Low-Fat, High-Fruit Diet Might Not Stop Disease
Published March 2006
You've heard for years that a low-fat diet is good for your health. But does it really reduce your risk of certain diseases? Not according to a recent study.
UC researchers and colleagues at 40 U.S. sites followed nearly 49,000 postmenopausal women (aged 50 to 79) for eight years. Some were asked to eat a diet low in fat and high in fruits, vegetables and whole grains. Others were told to continue eating their normal diet.
The researchers hoped to notice a decrease in the risk of getting cancer and heart disease in the group of women following the low-fat diet.
What they found surprised them, says Margery Gass, MD, professor of obstetrics and gynecology and principal investigator for UC's contribution to the study. Although the women following the low-fat diet reduced their rate of breast cancer by 9 percent, the decrease was not statistically significant. Those assigned to a low-fat diet had the same rates of colon cancer, heart attack and stroke as those who ate whatever they pleased.
The low-fat diet group did report fewer colon polyps, but that didn't translate into lower colorectal cancer rates in the eight years of the study.
Both groups started out with 37 percent of daily calories from fat. Women on the low-fat diets (about 20,000) reduced the percentage of fat in their diets to 24 percent in the first year and to 29 percent by the end of the study.
Women on the low-fat diets participated in 18 small-group sessions with a nutritionist during the first year, and in four sessions a year after that. They engaged in activities designed to help keep them motivated, including potlucks and the development of a cookbook with low-fat recipes.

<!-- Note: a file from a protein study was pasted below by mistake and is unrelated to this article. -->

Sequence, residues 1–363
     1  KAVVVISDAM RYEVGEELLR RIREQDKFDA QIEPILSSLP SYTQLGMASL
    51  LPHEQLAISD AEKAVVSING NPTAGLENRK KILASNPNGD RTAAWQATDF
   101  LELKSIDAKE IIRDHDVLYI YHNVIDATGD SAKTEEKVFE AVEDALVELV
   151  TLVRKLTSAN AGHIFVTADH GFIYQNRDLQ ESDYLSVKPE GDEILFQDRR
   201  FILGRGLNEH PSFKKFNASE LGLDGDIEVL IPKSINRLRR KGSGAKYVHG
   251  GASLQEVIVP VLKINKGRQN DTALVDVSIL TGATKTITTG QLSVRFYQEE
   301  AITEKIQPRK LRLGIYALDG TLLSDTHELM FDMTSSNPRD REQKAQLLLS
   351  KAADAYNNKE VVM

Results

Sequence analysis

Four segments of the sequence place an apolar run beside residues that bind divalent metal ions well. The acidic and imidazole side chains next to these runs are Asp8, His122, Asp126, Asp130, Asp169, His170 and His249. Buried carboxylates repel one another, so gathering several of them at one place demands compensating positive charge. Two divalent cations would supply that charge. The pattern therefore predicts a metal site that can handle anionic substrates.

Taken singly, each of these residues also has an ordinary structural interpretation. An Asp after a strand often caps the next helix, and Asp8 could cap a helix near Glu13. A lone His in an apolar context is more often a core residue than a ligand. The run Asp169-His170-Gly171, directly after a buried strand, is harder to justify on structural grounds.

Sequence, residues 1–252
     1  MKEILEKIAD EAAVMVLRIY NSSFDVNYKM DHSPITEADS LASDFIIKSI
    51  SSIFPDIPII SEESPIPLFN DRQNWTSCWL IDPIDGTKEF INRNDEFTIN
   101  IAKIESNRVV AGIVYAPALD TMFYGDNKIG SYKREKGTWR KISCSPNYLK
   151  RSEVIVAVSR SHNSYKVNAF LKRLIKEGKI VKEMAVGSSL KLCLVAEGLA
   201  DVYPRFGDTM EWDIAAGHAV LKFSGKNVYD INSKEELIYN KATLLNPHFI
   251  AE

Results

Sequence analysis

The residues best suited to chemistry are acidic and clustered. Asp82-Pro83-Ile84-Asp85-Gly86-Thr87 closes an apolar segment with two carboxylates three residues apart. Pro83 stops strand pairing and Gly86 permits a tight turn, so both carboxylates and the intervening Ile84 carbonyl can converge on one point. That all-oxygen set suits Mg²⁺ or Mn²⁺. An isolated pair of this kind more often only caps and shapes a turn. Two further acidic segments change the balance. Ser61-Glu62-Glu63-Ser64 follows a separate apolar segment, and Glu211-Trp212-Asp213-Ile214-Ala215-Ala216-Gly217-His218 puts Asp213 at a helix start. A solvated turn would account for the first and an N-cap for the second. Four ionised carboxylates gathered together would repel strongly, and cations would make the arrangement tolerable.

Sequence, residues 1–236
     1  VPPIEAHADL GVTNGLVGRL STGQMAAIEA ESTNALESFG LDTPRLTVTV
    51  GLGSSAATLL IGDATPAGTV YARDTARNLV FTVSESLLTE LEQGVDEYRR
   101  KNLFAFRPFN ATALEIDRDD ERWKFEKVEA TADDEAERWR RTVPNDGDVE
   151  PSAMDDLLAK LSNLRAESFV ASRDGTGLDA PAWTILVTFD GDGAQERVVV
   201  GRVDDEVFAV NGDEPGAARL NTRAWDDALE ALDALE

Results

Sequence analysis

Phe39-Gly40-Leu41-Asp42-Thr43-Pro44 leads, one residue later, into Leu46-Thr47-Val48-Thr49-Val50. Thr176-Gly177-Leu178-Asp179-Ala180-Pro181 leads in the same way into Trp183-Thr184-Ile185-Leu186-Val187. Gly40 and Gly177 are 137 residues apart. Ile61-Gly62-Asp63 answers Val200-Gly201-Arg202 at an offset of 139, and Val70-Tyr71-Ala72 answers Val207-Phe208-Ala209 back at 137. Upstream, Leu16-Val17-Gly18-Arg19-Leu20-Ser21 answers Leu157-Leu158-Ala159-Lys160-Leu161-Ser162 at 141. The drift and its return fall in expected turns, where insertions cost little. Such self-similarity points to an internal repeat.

"We asked the low-fat-diet participants to aim for just 20 percent of their calories from fat," says Dr. Gass. "The women worked very hard to change their eating patterns.
"That's another reason the findings are disappointing," she adds. "We really hoped the dietary modification would produce a major benefit in their health."
There was minimal weight loss on the dietary intervention. Even though it was not a goal of the study, the lack of weight loss may partially explain the absence of cardiovascular benefit.
The study, the largest of its kind, is part of the National Institutes of Health Women's Health Initiative (WHI), a landmark, 15-year study of postmenopausal women's health, including the effects of calcium and vitamin D supplements, hormone therapy and dietary modification.
Janice Shavers-Calloway, of Hollydale in Springfield Township, was one of 3,600 local women who participated in the study.
"I think it was worthwhile, regardless of the findings," she says. "The nutritionist taught us how to cook with different seasonings and olive oil, and that has made me a better, healthier cook."
Calloway, 67, says that while she has not lost any weight, she has maintained her weight and continues to follow a low-fat diet.
"I'm not on any medications and I feel that I'm in pretty good health. I think a lot of that has to do with the low-fat diet," she says.
Although the study suggests a low-fat diet did not lower health risks, Dr. Gass cautions that a diet with less saturated and trans fat and more grains, fruits and vegetables continues to be part of a healthy lifestyle.
"The investigators still believe that lower fat intake is preferable, but clearly one can't focus on total fat alone as was thought in 1991 when the trial was designed," says Dr. Gass. "Low saturated fat intake, exercise, normal weight, not smoking and other factors contributing to a healthy lifestyle all play a role."We're hopeful that as we follow these women another five years we'll see the reduction in breast cancer and colon polyps pay bigger dividends."